Today I received an inquiry from a condo owner who was concerned about new Rules & Regulations that his association had proposed.   What struck a nerve for me was a comment he made about "reducing residents' ability to live as they wish without interference."  The fact is, when you are living in a community such as a condominium association, no individual can "live as they wish."  Each owner is a member of a whole that requires rules and structure to ensure that everyone can live peaceably without infringing unnecessarily on anyone else's right to the same.  

I often recommend that condo owners review and adopt CAI's "Rights & Responsibilities for Better Communities."  It's a great reminder that when you are living in a condominium community, the needs of the whole must be balanced with the needs of each individual.  We cannot each "live as we wish" when we are each living as a part of a whole.

We often receive money orders from owners as payment for their monthly assessments.  Occasionally, we receive cash.  The problem with these forms of payment is that there is no concrete record (such as a check that has cleared the bank) that the owner has made the payment.

In the event that the association has not been keeping accurate records, the burden of proof for payment of assessments will fall to the owner.  We've reviewed association books that have been neglected or handled incompletely (or even criminally) by a Board member and the only way to get an accurate picture of the association's financial situation is to return to the source documents.  When owners can provide clear proof of payments they have made, the records can be properly reconstructed.

If you pay your assessment by money order or cash, make a point of retaining a copy or getting a receipt so that you can provide proof of payment in the future if necessary.  

Most condominium associations are required to hold an annual meeting to conduct Board elections.  Your annual meeting should be held about the same time each year.  If you haven't had elections in the past 12 months, it's time to get caught up!

A few items to note:

  • 10 days' notice is required for annual meetings and elections
  • Unit owners typically vote by ownership percentage unless your governing documents state otherwise
  • Board members are elected at large and posts (President, Secretary, Treasurer) are then determined amongst the Board.  You do not elect your officers directly to their posts.
  • Your governing documents may indicate that some Board members serve for a longer period of time in order to preserve some continuity from one year to the next.
For more on conducting Board elections,  see "The Board & Board Elections."

My husband and I came home one night recently to find that lights were out on the back stairwell landings.  As it turned out, the bulbs weren't just in need of replacement, they had been unscrewed.  And a strange man was lurking around the back of our property who didn't belong to our building or the building just west of us that shares our driveway.  Later, I found out that my retired neighbor on the 1st floor was in her house when she heard someone at the back and the light suddenly went out.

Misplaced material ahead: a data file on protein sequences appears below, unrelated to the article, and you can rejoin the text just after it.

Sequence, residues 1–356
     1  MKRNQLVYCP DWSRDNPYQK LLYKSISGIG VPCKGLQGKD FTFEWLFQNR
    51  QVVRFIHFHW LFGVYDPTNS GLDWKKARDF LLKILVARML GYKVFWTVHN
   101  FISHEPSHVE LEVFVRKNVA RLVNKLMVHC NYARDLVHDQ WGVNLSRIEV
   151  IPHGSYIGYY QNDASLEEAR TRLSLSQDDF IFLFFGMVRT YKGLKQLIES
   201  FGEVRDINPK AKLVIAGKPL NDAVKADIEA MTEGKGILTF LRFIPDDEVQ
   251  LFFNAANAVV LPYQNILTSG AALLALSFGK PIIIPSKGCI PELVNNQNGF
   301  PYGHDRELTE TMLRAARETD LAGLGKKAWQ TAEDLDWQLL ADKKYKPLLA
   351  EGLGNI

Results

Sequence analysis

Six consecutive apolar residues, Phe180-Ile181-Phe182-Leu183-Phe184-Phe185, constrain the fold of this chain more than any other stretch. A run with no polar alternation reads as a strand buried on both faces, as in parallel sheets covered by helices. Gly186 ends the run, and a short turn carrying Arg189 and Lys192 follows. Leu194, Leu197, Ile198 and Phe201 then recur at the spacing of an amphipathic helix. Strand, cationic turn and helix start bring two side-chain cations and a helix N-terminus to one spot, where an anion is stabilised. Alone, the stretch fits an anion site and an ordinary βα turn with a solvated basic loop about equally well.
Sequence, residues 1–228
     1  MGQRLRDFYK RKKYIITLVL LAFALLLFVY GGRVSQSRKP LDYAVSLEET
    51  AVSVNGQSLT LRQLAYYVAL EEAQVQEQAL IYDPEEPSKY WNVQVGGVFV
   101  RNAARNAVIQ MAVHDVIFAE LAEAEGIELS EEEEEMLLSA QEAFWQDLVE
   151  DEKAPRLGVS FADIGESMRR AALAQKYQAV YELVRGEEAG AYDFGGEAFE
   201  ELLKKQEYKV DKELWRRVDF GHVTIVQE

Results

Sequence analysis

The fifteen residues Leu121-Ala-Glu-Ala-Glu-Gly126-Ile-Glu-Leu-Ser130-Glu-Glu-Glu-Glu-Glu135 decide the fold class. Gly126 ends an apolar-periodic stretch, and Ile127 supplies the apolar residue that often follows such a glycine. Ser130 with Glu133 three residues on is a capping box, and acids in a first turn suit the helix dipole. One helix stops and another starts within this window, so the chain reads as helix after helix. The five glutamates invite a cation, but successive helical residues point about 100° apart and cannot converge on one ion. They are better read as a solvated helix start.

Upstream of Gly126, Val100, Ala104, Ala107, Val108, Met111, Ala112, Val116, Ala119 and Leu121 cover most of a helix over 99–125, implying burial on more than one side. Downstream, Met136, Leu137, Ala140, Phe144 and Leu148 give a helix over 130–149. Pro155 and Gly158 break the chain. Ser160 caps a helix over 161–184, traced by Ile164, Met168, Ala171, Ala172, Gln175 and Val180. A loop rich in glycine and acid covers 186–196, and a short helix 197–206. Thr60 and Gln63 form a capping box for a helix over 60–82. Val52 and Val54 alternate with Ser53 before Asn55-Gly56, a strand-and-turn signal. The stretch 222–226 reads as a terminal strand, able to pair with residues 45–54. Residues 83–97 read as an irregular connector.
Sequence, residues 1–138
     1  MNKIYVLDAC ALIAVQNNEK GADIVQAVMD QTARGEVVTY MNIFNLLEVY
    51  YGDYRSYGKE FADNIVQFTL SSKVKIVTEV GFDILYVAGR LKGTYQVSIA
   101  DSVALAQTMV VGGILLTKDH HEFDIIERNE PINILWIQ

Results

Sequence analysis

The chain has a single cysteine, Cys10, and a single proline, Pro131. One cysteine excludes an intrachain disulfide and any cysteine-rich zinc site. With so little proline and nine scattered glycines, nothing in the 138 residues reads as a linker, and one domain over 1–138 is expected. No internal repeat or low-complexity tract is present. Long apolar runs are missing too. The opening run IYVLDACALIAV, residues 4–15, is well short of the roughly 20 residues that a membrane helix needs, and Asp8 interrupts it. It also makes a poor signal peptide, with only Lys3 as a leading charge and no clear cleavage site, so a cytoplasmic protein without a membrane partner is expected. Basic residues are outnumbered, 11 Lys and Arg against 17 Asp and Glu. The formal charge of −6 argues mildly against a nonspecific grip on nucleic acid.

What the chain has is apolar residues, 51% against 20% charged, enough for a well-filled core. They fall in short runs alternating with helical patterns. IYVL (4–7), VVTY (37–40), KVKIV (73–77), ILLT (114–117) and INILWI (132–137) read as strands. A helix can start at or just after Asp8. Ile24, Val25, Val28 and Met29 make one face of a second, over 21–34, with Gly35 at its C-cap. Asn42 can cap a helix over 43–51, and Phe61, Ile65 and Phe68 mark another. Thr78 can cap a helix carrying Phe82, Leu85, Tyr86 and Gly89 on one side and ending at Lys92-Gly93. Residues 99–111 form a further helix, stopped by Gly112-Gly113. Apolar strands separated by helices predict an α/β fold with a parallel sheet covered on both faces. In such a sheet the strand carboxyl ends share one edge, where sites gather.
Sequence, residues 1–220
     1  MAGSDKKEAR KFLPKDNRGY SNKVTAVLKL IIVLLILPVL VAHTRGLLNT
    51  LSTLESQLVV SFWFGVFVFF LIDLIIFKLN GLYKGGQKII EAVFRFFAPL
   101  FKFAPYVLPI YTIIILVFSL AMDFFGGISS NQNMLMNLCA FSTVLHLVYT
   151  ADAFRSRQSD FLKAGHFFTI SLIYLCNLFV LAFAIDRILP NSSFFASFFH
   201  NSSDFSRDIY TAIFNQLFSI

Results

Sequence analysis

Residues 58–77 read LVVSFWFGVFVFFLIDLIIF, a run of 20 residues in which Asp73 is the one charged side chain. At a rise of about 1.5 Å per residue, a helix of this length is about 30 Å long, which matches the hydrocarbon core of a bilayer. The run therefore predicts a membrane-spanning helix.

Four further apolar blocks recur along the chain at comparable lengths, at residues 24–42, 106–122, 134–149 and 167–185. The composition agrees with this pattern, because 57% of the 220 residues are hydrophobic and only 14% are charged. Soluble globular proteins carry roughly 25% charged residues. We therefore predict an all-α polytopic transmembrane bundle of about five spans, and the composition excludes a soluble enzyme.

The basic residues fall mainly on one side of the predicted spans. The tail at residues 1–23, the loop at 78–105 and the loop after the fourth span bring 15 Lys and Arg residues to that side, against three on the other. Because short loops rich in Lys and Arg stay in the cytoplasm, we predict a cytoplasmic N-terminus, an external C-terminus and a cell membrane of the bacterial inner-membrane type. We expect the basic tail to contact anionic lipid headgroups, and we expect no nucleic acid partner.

This was a very unsettling incident, and it put me on high security alert in our building.  I notified all of the neighbors and reminded them that we need to make sure doors are closed and locked, and call police if we encounter anyone on the property who doesn't belong.

A recent robbery in a client building and gang graffiti on the wall of another client are further reminders that owners need to do as much as possible to secure their buildings and be vigilant about strangers on the property.

If you'd like to know more about how you can make your building more secure and deter break-ins, contact your local Alderman's office.  They can put you in touch with an off-duty policeman who will come to your building to conduct a walk around, provide security tips and educate owners on building security.   

Board members often spend a lot of time and effort on behalf of their association, so it's natural to assume that they should receive something in exchange.  Offering pay or a discount on assessments may also seem like a good way to encourage owners to serve on the Board.  However, compensating Board members could in fact be prohibited by your Declaration and By-Laws and opens up a host of other factors to consider.

Owners should first consult their governing documents to determine if they allow for the compensation of Board members.  Most Declarations specifically state that Board members are to serve without compensation so it's more likely than not that your Board members are required to serve on a volunteer basis.

If your governing documents allow for the compensation of Board members, your association may be required to obtain Workers Compensation insurance in addition to other required insurance policies.  If a compensated Board member is injured while carrying out their Board functions, the claim may not be covered by the association's general liability policy.  This leaves the association open to liability in the case of an injury.

Further, any compensation paid to a Board member in excess of $599 annually must be reported to the IRS as taxable income.  A 1099 should be provided to the Board member and filed with the IRS.  For smaller buildings, this means additional accounting expenses to properly report the compensation.

It's important to note that offering compensation for Board members could prompt owners to serve for the wrong reasons or to regularly grant themselves "raises" that are not in the best interests of the association.  Overall, maintaining a volunteer basis for your Board members is the safest way to go. 

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